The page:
Molecular mechanisms underpinning transgenerational plasticity in the green sea urchin Psammechinus miliaris
Date of Original Version
The pre-conditioning of adult marine invertebrates to altered conditions, such as low pH, can significantly impact offspring outcomes, a process which is often referred to as transgenerational plasticity (TGP). This study describes for the first time, the gene expression profiles associated with TGP in the green sea urchin Psammechinus miliaris and evaluates the transcriptional contribution to larval resilience. RNA-Seq was used to determine how the expression profiles of larvae spawned into low pH from pre-acclimated adults differed to those of larvae produced from adults cultured under ambient pH. The main findings demonstrated that adult conditioning to low pH critically pre-loads the embryonic transcriptional pool with antioxidants to prepare the larvae for the “new” conditions. In addition, the classic cellular stress response, measured via the production of heat shock proteins (the heat shock response (HSR)), was separately evaluated. None of the early stage larvae either spawned in low pH (produced from both ambient and pre-acclimated adults) or subjected to a separate heat shock experiment were able to activate the full HSR as measured in adults, but the capacity to mount an HSR increased as development proceeded. This compromised ability clearly contributes to the vulnerability of early stage larvae to acute environmental challenge.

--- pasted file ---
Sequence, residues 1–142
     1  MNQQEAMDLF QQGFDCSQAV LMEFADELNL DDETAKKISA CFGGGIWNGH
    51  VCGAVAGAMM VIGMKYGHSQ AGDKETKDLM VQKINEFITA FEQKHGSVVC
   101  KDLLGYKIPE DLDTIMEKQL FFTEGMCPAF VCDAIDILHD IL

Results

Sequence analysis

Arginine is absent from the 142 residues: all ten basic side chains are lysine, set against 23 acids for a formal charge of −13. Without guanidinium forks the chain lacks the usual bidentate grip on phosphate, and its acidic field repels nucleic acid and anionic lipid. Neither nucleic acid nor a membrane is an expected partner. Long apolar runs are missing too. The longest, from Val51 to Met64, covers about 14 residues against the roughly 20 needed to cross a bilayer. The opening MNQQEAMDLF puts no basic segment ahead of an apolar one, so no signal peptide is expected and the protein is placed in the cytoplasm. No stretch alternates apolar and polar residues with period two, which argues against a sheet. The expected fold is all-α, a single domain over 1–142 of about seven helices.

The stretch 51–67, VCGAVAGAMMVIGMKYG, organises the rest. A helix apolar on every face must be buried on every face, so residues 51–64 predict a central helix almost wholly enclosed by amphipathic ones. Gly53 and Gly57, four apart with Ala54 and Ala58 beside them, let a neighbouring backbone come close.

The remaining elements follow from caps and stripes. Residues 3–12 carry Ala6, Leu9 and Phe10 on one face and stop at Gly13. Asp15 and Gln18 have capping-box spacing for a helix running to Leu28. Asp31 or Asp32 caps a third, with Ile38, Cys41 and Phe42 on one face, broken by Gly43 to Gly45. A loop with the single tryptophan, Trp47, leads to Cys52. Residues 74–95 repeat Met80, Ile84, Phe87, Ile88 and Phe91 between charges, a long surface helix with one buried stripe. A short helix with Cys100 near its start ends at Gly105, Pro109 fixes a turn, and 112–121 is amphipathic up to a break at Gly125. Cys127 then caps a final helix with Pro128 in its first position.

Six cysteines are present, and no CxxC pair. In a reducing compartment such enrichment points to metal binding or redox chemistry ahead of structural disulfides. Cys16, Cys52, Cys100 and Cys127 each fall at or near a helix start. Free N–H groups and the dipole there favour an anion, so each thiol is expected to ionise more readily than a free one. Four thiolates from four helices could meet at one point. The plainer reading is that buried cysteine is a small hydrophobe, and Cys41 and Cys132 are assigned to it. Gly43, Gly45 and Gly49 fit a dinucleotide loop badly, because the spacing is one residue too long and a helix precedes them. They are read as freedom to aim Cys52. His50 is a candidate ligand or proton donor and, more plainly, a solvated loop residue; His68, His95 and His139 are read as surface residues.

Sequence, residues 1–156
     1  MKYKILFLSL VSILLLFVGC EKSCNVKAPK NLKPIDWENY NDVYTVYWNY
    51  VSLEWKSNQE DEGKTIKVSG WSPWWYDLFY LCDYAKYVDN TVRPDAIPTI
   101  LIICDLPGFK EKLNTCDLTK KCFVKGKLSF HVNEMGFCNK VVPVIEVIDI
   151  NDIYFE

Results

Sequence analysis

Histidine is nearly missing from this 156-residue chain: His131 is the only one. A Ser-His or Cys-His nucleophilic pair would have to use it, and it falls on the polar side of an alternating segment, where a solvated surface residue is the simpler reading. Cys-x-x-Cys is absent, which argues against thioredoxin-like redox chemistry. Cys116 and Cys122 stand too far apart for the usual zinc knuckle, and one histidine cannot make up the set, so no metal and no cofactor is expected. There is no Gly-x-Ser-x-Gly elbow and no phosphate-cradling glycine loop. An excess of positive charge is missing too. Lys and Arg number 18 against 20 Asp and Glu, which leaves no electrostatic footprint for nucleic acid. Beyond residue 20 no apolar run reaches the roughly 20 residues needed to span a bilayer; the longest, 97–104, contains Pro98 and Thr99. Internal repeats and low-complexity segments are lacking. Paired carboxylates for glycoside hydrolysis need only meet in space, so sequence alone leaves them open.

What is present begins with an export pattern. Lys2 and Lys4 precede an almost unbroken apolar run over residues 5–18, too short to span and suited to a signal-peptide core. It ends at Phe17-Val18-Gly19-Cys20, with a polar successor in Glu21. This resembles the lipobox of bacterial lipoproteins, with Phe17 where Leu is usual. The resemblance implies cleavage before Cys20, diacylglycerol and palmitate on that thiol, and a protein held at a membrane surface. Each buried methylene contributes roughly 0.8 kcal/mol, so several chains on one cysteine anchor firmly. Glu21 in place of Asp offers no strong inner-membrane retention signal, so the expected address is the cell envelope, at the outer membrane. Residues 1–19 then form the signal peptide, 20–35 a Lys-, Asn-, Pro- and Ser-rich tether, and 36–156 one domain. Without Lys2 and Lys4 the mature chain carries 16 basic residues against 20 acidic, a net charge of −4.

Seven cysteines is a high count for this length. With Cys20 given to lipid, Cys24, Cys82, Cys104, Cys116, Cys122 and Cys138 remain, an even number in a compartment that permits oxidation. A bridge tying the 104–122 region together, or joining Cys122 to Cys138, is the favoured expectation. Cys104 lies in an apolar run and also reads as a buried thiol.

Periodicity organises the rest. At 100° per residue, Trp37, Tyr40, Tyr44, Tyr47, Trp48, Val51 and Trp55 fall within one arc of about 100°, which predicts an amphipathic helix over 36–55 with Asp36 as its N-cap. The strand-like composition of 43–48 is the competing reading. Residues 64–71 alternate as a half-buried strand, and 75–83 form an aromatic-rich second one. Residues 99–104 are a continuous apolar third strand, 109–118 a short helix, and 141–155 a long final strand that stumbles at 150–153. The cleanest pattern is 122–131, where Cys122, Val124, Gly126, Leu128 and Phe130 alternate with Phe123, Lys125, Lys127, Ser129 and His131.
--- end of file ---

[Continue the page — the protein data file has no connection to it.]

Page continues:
Clark, M.S., Suckling, C.C., Cavallo, A. et al. Molecular mechanisms underpinning transgenerational plasticity in the green sea urchin Psammechinus miliaris. Sci Rep 9, 952 (2019). https://doi.org/10.1038/s41598-018-37255-6
Available at: https://doi.org/10.1038/s41598-018-37255-6
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Coleen C. Suckling is from the Department of Fisheries, Animal and Veterinary Sciences.
Andrew J. Davies is from the Department of Biological Sciences.